Sunday, April 21, 2013


Can you trust what you read on a blog? Is the information reliable, or the opinion supported by credible evidence? It’s actually not that hard to tell—the answer is a bibliography.

Lots of people tune out at the mention of a bibliography, yet, in sense, that’s what links are. I hadn’t really thought about it like that until a few years ago when I asked on this blog whether I should keep dead links. My friend Mark from Slap said something in the comments that’s stuck with me ever since:
I also leave them as is. Links are still the closest thing we've got to a bibliography when it comes to web pages.

It sucks when material is removed from the web, and it's frustrating for readers, but even if a link doesn't work anymore, the citation can be important.
He’s absolutely right, and I’ve been sure to include links ever since. There was one post (I’ve forgotten which one, but it was a long time ago) in which I used footnotes instead of links, and it was to make sure the sources of my information were documented. I didn’t do it again because, among other things, I didn’t want to make readers scroll down to find out what the footnote was for; links are easier for readers.

I believe that among the duties of any blogger is providing links to background information so that readers can check things out for themselves. So for example, if I mention a statistic or reprint a quote, I usually provide a link to the source I got it from. Sometimes, that’ll be a link to another of my posts, possibly the first time I mentioned the same thing. Whenever possible, I trace things back to the original source, rather than link to someone else who quotes from it (and if I link to another of my blog posts, it’ll usually have the original source links).

This is similar to what I do in my “offline” world. I often make PDFs of articles that I find interesting or that I know I may want to refer to in the future to check all the sorts of things that don’t always get recorded in histories, or that may not be easily accessible. Many times, they’re for future blog or podcast topics, and I need the original links to include when I publish.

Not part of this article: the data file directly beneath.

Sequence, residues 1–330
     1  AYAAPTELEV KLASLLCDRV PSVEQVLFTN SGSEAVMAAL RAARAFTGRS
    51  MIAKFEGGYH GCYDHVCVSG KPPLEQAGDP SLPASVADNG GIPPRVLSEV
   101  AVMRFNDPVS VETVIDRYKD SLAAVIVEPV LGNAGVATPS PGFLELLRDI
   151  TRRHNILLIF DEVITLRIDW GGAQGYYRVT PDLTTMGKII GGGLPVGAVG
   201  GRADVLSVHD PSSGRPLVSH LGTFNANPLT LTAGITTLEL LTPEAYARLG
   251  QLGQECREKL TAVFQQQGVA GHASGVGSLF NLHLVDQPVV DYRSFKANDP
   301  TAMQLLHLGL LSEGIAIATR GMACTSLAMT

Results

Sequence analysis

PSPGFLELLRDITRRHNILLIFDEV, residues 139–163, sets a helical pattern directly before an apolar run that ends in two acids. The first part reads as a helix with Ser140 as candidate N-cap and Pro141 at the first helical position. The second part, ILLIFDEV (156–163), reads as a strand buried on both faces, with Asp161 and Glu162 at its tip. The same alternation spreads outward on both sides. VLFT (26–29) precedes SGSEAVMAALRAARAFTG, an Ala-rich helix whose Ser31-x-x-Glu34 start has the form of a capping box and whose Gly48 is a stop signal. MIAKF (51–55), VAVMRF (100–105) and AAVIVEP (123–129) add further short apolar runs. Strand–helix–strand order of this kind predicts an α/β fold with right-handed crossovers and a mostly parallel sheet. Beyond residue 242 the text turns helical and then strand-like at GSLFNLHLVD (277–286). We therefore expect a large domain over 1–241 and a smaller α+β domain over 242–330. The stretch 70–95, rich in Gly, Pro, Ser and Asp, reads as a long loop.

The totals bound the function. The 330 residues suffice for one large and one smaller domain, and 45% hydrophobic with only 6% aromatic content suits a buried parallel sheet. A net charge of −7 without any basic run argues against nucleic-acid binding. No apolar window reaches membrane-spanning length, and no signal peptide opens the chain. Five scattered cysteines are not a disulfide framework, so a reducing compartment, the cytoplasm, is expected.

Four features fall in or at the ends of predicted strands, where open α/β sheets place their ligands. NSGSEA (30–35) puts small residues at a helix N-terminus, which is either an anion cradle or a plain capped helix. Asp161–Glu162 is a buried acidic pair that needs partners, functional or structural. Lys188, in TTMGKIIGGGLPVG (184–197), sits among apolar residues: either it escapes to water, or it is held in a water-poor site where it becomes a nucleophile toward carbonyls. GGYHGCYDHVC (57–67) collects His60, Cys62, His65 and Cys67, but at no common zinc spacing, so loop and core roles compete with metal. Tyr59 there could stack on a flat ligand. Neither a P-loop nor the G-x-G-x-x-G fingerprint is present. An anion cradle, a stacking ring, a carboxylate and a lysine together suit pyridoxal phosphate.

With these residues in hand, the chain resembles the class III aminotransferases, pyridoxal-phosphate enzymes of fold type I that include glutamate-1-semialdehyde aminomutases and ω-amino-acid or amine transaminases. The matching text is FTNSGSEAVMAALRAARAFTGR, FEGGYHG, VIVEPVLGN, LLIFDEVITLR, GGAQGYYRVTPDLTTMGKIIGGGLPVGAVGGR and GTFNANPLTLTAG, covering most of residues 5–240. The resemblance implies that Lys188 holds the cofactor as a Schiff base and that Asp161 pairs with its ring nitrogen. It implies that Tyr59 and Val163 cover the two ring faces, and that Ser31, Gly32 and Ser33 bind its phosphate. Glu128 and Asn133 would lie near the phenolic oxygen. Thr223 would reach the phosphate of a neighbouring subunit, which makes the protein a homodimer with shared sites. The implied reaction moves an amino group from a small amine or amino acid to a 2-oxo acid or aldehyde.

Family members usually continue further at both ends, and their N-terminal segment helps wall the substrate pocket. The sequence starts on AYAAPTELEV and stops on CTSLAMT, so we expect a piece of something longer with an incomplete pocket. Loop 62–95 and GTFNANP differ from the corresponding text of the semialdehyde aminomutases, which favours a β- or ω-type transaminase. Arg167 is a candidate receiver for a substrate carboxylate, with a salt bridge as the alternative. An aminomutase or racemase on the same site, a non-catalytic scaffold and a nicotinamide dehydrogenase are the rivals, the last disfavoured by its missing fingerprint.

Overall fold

Here’s what I do to document them:

First, I often use Print Friendly to make PDFs of articles. Many sites have it as an included option (including this blog; if you look at the comments for any post, you’ll see the button). This usually creates a highly readable print version of the article, and it includes the original URL in the PDF (and the URL’s clickable, which is a bonus).

Some sites don’t play well with Print Friendly, though, and then I usually use Print instead, choosing the option to make a PDF. Unfortunately, this doesn’t always include the complete URL and the fragment that does appear is often not clickable; not very useful when you want to return later.

So, I add an electronic post-it kind of note inside the PDF, where I paste the original URL. I have the full version of Adobe Acrobat, but you can probably do it in other PDF creator programs, too; I don’t think Acrobat Reader let’s you (someone can let me know in the comments if it does).

Both of these options are fine for minimal citation, since it provides all the basic information now required by many standard academic style reference manuals (intended for research papers). The required style is moving away from including the date retrieved (Wikipedia still uses that), and date is the one thing that’s not directly accessible in my method (unless I type it in the note, which I haven’t yet done). Still, I suppose it could be inferred from the date I created the PDF.

I do all of this because I’m pretty pedantic about documenting things for my blog and podcast, whether I ever use the information or not. If was ever to write a book, I’d be glad to have all that data for citation.

I know that most people aren’t even nearly as obsessive about citing their sources, particularly if it’s for something they may never use for blogging. But if I’ve learned one thing from the recent marriage equality debate in New Zealand, it’s that documenting source material is really important for establishing credibility.

Be all that as it may, you now this is what I look for when evaluating information I find on blogs or news sites: Links to sources. They really are the closest thing we've got to a bibliography for web pages.


Roger Green said...

You SHOULD write a book. It would be about the parallel paths for marriage equality in NZ and the US.

Arthur (AmeriNZ) said...

That's a good topic, actually.